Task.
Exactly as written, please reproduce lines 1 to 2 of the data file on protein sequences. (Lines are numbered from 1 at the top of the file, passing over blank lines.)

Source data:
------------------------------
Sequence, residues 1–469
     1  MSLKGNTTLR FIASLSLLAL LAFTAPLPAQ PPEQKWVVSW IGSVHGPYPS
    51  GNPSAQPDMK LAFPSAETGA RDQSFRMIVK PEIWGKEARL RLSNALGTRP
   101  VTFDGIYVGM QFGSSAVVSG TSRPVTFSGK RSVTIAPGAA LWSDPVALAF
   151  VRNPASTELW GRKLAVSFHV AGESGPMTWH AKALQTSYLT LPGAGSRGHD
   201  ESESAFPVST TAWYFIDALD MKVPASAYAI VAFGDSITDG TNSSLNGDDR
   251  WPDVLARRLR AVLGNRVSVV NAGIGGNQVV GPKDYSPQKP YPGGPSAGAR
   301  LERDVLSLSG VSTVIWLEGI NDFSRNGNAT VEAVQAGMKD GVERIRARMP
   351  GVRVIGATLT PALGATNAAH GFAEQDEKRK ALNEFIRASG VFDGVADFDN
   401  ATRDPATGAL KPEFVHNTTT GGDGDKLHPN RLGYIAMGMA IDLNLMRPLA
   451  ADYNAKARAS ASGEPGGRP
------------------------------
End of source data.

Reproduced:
Sequence, residues 1–469
     1  MSLKGNTTLR FIASLSLLAL LAFTAPLPAQ PPEQKWVVSW IGSVHGPYPS